History Of The Formation Of The Great Lakes

History Of The Formation Of The Great Lakes

The Great Lakes are an iconic freshwater system that makes up more than 20 percent of the world’s available surface freshwater. In Michigan, standing anywhere in the state, you are within 85 miles of one of the Great Lakes. We also have 3,288 miles of Great Lakes coastline, the most freshwater shoreline in the world.

The present day lakes are the result of glaciers advancing and retreating over thousands of years. A lake that is created by a glacier is referred to as a glacial lake. It is created by the large ice sheets eroding the land and then filling the spaces when the glacier melts. The ice sheets are on the Earth’s crust, which is “floating” on the Earth’s mantle, the molten layer beneath the Earth’s crust. The weight of the glaciers pushes the Earth’s crust down. As the glaciers retreat, the Earth’s crust slowly rebounds (centimeters per century). This process is known as isostatic rebound. The land that is eroded is deposited by the glaciers as they advance and retreat. These formations, known as moraines, make up the boundaries of the present day Great Lakes. This long process has resulted in various lake stages within the Great Lakes basin. Some of these prehistoric lakes include Lake Algonquin, Lake Nippising and Lake Chippewa.

How The Great Lakes Were Formed - The Awesome Mitten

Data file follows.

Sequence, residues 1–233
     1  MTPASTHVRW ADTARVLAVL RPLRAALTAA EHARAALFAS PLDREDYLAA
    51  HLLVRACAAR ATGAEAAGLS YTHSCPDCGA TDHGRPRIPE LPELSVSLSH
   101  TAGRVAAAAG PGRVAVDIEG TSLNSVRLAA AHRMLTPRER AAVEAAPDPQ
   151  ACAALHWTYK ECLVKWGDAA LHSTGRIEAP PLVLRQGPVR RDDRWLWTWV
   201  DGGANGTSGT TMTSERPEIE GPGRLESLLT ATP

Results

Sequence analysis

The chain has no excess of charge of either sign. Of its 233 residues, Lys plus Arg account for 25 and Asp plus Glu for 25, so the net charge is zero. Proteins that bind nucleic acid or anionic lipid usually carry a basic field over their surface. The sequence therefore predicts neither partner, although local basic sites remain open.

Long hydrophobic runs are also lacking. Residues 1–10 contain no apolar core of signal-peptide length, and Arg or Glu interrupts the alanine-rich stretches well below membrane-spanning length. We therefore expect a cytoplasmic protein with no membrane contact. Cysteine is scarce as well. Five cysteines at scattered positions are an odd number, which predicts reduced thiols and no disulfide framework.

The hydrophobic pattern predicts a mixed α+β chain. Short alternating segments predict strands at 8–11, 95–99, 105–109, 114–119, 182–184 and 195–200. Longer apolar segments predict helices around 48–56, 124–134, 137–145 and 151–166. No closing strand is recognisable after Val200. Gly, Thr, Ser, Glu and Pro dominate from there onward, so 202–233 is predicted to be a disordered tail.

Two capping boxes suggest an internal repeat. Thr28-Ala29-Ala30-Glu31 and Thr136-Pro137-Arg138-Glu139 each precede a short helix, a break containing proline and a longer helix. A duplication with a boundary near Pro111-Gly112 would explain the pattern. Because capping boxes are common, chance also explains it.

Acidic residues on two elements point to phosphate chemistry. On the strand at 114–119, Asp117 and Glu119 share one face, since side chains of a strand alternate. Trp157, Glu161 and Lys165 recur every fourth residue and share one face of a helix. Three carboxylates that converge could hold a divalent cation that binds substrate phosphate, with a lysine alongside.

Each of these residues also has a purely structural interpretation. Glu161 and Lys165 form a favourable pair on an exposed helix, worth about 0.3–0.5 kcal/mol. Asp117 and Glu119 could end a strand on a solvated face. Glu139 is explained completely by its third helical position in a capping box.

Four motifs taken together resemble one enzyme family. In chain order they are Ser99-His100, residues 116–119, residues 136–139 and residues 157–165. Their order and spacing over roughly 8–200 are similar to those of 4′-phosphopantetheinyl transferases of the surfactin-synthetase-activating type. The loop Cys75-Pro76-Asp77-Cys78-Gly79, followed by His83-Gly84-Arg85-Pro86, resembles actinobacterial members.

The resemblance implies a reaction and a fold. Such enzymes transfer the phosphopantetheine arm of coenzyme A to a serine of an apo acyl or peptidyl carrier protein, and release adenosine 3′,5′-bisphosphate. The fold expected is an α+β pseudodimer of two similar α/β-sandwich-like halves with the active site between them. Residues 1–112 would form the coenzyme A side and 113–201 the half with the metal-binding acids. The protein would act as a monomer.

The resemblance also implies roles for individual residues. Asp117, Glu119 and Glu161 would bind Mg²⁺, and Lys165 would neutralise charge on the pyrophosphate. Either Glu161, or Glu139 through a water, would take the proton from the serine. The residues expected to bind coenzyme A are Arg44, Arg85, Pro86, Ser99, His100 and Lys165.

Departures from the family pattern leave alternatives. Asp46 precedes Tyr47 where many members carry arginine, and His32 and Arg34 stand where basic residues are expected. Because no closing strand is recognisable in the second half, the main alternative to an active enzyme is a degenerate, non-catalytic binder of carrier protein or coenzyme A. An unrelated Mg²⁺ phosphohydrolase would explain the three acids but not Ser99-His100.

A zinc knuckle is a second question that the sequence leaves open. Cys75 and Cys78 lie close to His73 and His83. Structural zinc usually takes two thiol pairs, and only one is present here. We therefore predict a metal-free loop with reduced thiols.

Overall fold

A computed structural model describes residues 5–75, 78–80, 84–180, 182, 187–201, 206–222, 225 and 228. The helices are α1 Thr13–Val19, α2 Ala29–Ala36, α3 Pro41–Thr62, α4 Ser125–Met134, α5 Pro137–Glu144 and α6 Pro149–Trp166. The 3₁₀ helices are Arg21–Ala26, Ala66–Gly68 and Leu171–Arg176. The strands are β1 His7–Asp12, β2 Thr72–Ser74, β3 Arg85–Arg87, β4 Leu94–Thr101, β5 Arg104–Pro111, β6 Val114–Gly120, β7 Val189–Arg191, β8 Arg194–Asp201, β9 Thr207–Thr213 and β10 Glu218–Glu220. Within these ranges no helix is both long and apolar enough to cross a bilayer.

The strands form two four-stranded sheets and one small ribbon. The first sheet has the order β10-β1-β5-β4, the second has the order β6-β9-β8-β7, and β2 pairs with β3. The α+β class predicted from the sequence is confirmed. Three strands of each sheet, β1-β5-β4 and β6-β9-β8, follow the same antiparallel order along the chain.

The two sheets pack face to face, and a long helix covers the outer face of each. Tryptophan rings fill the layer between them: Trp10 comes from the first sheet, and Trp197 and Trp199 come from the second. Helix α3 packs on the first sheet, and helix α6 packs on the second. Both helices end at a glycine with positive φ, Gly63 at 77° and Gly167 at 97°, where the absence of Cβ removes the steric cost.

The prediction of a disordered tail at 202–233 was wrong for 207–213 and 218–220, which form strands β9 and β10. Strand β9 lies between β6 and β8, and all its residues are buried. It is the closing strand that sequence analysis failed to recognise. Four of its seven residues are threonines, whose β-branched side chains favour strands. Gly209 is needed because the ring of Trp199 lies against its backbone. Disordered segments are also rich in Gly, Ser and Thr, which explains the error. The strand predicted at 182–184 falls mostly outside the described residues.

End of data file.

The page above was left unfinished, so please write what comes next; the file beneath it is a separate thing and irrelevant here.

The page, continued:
Photo courtesy of www.awendapark.ca

Lake Algonquin was a large glacial lake that was present roughly 11,000 years ago when the Laurentide Ice Sheet was retreating north from the Great Lakes region. Lake Algonquin covered an area of approximately 100,000 square miles with maximum depths of 1,500 feet. Geologists have determined that the shoreline steadily rose as it moved north. Lake Nippising was created as the Wisconsin ice sheet receded north and represents a high point in the Great Lakes water levels. Lakes Michigan, Huron and Superior were combined into one body of water. Isostatic rebound raised the North Bay to levels of two previously existing lakes. Over 1,600 years, erosion slowly lowered the lake levels to present day Lake Superior. Lake Chippewa was a lower lake stage of Lake Michigan, created when the retreating ice sheet uncovered the St. Lawrence Seaway, a sea level outlet. It was the result of significantly lower lake levels, referred to as the Chippewa low levels. There is now a gorge that was carved by the Lake Chippewa outflow that lies submerged below the straits of Mackinac.

The present day Great Lakes have six quadrillion gallons of water, with only the polar ice caps and Lake Baikal containing more. Lake Superior has the deepest point, at a depth of 1,333 feet. The Great Lakes are also unique in that each lake’s basin is linked, forming a continuous drainage basin, the length of which is about 2,212 miles. This continuous path is important for shipping because it provides direct access to the Atlantic Ocean via the St. Lawrence Seaway.

Emily Shaw, Contributing Writer